Intel NVMe SSD

NVMe SSDSSD drives continue to evolve as evident by the release of Intel’s NVMe (Non-Volatile Memory Express) SSD drives. NVMe is a specification that was designed specifically for flash memory communication and allows solid state drives to connect to the system using the PCIe bus, giving these types of Solid State drives the ability to reach their true throughput potential. In addition to being extremely durable, the benefits of NVMe with PCIe over traditional SATA SSD drives are reduced latency, increased IOPS, and even lower power consumption.

As is the case with previous generations, not all SSDs are created equally. Intel NVMe SSD drives use their own engineered and manufactured controller, NAND and firmware which offers improved internal bandwidth as well as reduced internal latencies. Intel offers PCIe/NVMe SSD in two form factors beginning with the AIC form factor which is a PCIe expansion card design. This series is a half height, half length card that plugs directly into a PCIe 3.0 x4 or x8 slot and is ideal for use in low profile servers. The second form factor is a 2.5” U.2 disk drive style that allows you to connect the drive using standard or hot swap drive enclosures.

SSD drives deliver many benefits for both enterprise and client users, including high performance, extreme durability, and low power consumption. No matter the interface, SSD drives still maintain these inherent characteristics but with NVMe SSD drives users get the benefits of even higher performance mainly measured in IOPS (Input/Output).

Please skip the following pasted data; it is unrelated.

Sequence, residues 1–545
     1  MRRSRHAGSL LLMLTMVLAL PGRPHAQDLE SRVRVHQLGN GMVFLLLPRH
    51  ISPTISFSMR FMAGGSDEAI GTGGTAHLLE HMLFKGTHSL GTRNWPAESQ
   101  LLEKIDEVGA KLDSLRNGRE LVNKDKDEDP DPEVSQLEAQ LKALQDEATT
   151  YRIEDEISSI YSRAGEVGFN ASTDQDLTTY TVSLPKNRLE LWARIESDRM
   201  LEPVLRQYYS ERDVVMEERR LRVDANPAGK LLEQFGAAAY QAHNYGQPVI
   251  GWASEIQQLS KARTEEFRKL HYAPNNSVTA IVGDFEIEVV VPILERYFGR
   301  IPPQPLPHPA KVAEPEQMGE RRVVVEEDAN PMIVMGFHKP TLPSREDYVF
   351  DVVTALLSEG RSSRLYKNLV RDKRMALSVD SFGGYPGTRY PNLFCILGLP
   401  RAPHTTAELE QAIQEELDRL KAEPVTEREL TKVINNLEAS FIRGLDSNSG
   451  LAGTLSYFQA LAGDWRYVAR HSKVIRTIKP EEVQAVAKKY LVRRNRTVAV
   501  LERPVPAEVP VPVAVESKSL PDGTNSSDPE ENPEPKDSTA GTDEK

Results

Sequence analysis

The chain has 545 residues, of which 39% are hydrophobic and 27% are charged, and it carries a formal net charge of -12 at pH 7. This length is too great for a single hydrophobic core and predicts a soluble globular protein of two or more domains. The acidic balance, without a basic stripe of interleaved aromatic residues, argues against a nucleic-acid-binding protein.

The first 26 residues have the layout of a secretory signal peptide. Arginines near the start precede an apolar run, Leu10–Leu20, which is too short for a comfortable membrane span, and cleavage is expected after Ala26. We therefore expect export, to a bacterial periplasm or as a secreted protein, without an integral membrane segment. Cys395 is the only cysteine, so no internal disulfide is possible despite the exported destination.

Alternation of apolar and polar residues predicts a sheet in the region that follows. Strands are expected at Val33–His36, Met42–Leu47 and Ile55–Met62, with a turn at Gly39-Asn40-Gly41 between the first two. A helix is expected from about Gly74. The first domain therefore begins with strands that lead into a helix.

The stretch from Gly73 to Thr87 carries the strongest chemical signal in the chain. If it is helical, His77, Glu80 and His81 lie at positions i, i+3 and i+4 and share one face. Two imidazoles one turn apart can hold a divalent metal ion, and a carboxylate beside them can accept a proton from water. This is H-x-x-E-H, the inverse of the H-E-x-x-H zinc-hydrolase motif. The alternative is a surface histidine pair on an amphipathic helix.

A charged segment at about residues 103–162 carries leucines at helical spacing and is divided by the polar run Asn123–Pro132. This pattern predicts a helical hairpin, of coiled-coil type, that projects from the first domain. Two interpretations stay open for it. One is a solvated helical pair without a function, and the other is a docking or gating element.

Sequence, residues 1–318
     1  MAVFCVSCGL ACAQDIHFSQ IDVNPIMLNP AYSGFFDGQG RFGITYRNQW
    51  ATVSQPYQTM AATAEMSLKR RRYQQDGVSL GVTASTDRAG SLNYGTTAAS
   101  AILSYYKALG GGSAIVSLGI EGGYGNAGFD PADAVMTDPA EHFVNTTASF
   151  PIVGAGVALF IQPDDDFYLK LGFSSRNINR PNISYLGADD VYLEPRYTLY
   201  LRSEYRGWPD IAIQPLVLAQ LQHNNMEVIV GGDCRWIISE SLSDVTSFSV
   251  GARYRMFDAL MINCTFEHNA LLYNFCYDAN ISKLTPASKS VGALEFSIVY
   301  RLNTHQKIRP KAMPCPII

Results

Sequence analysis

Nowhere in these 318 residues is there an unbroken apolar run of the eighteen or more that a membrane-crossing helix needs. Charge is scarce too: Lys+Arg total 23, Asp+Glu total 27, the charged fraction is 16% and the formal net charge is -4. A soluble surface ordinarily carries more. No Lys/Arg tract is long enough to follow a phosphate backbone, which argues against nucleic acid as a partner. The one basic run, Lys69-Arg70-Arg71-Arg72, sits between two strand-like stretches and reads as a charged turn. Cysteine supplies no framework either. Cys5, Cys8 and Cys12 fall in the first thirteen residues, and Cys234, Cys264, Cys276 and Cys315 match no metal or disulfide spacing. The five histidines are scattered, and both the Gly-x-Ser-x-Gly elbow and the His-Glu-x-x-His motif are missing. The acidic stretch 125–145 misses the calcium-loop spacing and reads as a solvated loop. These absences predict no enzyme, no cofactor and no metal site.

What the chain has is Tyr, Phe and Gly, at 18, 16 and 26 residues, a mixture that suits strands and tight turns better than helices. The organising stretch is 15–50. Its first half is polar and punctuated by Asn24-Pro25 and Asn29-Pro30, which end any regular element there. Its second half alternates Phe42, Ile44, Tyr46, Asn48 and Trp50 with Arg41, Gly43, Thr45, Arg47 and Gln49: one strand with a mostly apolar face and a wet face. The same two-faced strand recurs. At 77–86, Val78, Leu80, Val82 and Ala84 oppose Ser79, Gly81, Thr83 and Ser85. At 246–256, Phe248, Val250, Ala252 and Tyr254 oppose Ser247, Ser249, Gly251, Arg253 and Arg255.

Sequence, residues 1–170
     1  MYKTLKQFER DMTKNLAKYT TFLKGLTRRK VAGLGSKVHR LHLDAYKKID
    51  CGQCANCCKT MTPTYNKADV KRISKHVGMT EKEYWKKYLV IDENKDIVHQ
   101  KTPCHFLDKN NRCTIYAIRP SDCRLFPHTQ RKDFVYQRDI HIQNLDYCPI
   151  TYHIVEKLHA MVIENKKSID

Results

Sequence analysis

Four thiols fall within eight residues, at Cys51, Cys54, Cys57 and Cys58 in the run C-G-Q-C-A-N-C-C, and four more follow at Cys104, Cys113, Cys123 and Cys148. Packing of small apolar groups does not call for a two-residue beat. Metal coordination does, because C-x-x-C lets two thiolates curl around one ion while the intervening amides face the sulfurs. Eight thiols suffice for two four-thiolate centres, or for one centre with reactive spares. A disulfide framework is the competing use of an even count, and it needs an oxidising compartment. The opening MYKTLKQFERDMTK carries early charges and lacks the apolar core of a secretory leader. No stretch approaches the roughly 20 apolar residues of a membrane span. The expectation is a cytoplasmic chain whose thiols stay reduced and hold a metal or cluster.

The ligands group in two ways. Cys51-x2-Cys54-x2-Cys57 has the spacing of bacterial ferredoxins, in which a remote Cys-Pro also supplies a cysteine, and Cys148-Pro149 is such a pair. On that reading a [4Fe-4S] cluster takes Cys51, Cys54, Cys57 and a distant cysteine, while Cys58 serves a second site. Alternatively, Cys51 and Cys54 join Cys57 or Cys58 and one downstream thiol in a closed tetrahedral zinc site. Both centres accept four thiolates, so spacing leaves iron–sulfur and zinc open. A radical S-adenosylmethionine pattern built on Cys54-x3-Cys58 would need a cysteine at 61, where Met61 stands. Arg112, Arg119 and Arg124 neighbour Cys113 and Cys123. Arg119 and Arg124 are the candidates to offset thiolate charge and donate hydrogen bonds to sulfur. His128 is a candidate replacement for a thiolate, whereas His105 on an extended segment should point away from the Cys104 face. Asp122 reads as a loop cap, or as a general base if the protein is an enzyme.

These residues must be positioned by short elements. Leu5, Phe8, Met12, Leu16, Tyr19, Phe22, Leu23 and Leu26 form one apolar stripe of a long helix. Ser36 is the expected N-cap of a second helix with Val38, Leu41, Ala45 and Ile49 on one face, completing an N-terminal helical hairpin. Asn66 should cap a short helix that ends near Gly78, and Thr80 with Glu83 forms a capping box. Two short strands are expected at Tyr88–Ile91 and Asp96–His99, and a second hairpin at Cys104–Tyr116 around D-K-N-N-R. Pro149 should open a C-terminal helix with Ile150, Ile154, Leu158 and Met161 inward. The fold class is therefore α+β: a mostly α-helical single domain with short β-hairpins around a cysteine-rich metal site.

As previously mentioned, the Intel NVMe family of drives use the PCIe 3.0 x4 or PCIe 3.0 x 8 (Intel Optane SSD) slot, which delivers up to 4GB/s of throughput for PCIe 3.0 x4, compared to SATA 3 which supports up to 600MB/s data transfer rates. This, however, is not the only limiting legacy technology for traditional SSD drives. In addition, traditional SATA 3 SSD drives utilize the AHCI interface. This communication protocol was designed for high latency mechanical disks and actually resulted in high CPU usage when coupled with low latency SSD drives.

Latency 2.8us 6us
Maximum Que Depth Up to 64K queues with
64K commands each
Up to 1 queue with
32 commands each
Multicore Support Yes Limited
4KB Efficiency One 64B fetch Two serialized host DRAM fetches required


Removing the bandwidth limitations of SATA and shedding the AHCI communication protocol with technologies such as NVMe and PCIe that were specifically designed for SSD devices results in dramatically improved performance. When measuring IOPS, Intel NVMe drives are capable of up to 450,000 IOPS, compared to the best performing SATA drives, which could potentially achieve up to 100,000 IOPS. This not only results in higher performance, but also better CPU utilization particularly in applications that have multiple processors.

Protocol Intel NVMe SAS HDD SATA SSD
Random 4K Read/Write (IOPS) Up to 450,000 Up to 190,000 Up to 100,000
Sequential R/W Performance (MB/s) Up to 2,800 Up to 1,000 Up to 550
Form Factor 2.5”, HHHL AIC 2.5” 2.5”
Interface PCIe 3.0 SAS 12 GB/s SATA 6GB/s